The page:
Look at the simple user agent string. It was started by Netscape and for internet-wide standards, many pages required the use of the string mozilla as in "Mozilla/<version> (compatible; MSIE <version>)". Competing browsers (such as IE) began to emulate/cloak/spoof this string in order to also work with those sites. This continues to this day, even with the perversion of code required by some sites that make it work only with IE.

this has nothing to do with the actual Mozilla browser itself, it was a code standard that sites decided to employ and Microsoft only used it so that its users could access these pages.

This vicious circle is expected to continue in the arena of web browsers. Some standards-based web developers have started the "Viewable With Any Browser" campaign which encourages developers to design webpages according to official standards, not for any particular browser(s).

One result of user agent spoofing is that the usage share of Internet Explorer, the user agent browsers typically spoof, is probably overestimated, and the usage share of other browsers may be underestimated. User agent spoofing can also provide a security issue by spoofing search engine bots and bypassing key parts in a website.

We need a standard and only ONE standard by which ALL browsers must be compatible and get rid of this outdated user agent string completely. The sad part is that Microsoft doesn't want this as it will remove some of its dominance and proprietary standards that they are so fond of.

RE: IE8 and standards
By Murst on 2/12/2008 2:20:35 PM , Rating: 2
Mozilla/firefox has always been standards compliant

Sorry, but that's a bunch of BS. Although ACID2 doesn't test for full compliance, not rendering the test correctly does indicate non-compliance. Firefox has not rendered this properly, and hence was not compliant.

Sure, it is closer than IE, but it does not fully follow the standards.

IE8 will see
By KamiXkaze on 2/12/2008 9:24:41 PM , Rating: 2
It's is more a wait and see for me since being a firefox user. I wish MS alot of luck on the new browser but for me Firefox.


RE: IE8 will see
By cyberserf on 2/13/2008 3:59:33 AM , Rating: 2
They are only making IE8 just because they are losing marketshare to firefox. bastards!
they didn't update IE6 for years because of lack of competiton.
you can tell they running scared because of the recent updates and ie7 release and now ie8. LOL

What is the fuss be all about?
By Aloonatic on 2/12/2008 9:31:01 AM , Rating: 3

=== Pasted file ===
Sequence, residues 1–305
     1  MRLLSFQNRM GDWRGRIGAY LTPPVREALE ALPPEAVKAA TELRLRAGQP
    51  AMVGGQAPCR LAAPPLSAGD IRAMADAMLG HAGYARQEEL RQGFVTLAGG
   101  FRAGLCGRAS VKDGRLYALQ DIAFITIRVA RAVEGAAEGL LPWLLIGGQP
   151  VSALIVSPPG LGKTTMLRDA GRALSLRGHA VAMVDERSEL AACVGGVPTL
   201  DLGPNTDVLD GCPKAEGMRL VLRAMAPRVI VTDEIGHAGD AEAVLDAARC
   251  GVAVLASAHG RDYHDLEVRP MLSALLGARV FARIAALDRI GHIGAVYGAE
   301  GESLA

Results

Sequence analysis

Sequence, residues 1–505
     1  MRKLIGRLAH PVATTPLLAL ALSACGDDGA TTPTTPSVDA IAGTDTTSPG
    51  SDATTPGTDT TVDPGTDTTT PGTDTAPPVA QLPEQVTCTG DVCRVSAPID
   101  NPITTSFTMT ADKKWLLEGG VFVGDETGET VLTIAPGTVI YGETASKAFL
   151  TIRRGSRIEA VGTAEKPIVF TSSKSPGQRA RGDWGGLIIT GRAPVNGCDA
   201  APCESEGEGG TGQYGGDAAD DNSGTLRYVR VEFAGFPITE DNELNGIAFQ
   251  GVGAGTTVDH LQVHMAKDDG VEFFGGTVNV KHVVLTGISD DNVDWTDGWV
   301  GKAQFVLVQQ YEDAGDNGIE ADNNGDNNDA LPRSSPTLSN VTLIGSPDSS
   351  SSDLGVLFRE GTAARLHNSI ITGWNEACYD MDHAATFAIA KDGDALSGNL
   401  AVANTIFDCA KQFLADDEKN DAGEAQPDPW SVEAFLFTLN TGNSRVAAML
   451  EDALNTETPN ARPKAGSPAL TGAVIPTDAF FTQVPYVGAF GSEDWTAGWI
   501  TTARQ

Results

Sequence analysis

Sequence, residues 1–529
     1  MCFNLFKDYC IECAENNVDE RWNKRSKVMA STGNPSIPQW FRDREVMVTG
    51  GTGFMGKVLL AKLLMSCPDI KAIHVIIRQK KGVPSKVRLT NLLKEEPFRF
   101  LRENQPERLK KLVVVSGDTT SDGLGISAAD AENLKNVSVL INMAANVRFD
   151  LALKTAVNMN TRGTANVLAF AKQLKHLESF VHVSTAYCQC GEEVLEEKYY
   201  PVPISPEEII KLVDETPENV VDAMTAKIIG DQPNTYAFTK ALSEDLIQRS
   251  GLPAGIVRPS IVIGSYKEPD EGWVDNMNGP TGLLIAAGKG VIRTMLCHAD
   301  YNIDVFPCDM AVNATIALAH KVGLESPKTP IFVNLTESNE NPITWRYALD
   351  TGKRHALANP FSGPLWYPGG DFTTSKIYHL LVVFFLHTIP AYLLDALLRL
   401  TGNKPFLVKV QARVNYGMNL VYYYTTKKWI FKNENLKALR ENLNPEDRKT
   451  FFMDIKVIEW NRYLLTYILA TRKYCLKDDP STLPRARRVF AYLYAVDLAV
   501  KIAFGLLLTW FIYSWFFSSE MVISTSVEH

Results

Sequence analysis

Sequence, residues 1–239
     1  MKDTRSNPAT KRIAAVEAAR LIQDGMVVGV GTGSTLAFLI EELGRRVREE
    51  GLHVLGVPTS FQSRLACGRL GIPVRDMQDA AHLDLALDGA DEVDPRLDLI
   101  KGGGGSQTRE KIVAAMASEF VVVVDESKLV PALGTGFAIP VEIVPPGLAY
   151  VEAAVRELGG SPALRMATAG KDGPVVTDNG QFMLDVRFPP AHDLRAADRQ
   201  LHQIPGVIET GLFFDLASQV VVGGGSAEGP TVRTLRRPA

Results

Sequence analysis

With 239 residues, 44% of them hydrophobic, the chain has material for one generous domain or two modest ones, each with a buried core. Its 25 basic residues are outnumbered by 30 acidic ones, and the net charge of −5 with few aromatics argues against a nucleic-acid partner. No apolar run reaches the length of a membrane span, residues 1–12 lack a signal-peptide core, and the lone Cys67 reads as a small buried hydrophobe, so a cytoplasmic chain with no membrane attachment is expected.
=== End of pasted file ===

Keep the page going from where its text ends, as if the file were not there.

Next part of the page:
I'm not really sure what all the fuss is about.

I use FireFox at home because it loads much faster on my old fangled P4 (2.5GHz) but on modern machines (which aren't coal powered) there really isn't much difference in performance but I use FireFox at work because I'm used to it.

Tabbed browsing was an ace idea by however came up with it first and is the main reason why I moved over to firefox after experimenting with others that sort of worked, what will FireFox 3 or IE8 bring that's new?

Security issues aren't anything to get excited about on the feature front and should be a given and I will upgrade to get them.

What I'm trying to say in a round about sort of way is...

How will FireFox 3 or IE8 make my life easier?

They are both "free" too, so what is the fuss about?

By bupkus on 2/12/2008 12:40:39 PM , Rating: 2
Now that I have a 22" monitor I find I would love to tile tabbed frames/windows inside a single window instead of relying on XP tiling off the task bar.
That approach means I need to convert tabs to separate windows and then depend on XP's random tiling.

I only use IE7 when I either access MS's website or a web pages just won't display with FF.

Occasionally, I use Windoes 2k and it's nice to still have tabs with FF. So I think the inter platform availability is a real selling point.

Web standards
By Mudvillager on 2/12/2008 1:20:29 PM , Rating: 2
Please, I beg you Microsoft, follow W3C standards this time around. Internet Explorer is such a pain in the ass to work with when coding because you always have to make sacrifices for IE compatibility.

Firefox = Resource hog
By Zensen on 2/12/2008 2:52:34 PM , Rating: 2
I like firefox for its extension. for that reason alone is what keeps me using firefox. Firefox fancy tabs aren't nearly as useful as Operas and Firefox is such a Resource hog!

I like that IE7 is streamlined and fast to use.
Opera keeps to standards and I appreciate the ease of use and the 10.5 beta gets what the other browser dont seem to get right. Saving passwords!

I hope IE8 does well because I do have some quirky problems with IE7 and PNG files! It's about time MS got their arse together in regards to the browsers. I do appreciate Firefox and Opera ongoing efforts

Opera 9 is better than both
By Belard on 2/12/2008 8:20:58 PM , Rating: 2
More customizable than either. But I wonder if IE8 will have even more Opera features?

The ZOOM function of Opera has been around for years and is great for sites like YouTube were it scales video up (when you don't want to do fullscreen) - Opera saves web pages correctly, while firefox does this horribly.

"This week I got an iPhone. This weekend I got four chargers so I can keep it charged everywhere I go and a land line so I can actually make phone calls." -- Facebook CEO Mark Zuckerberg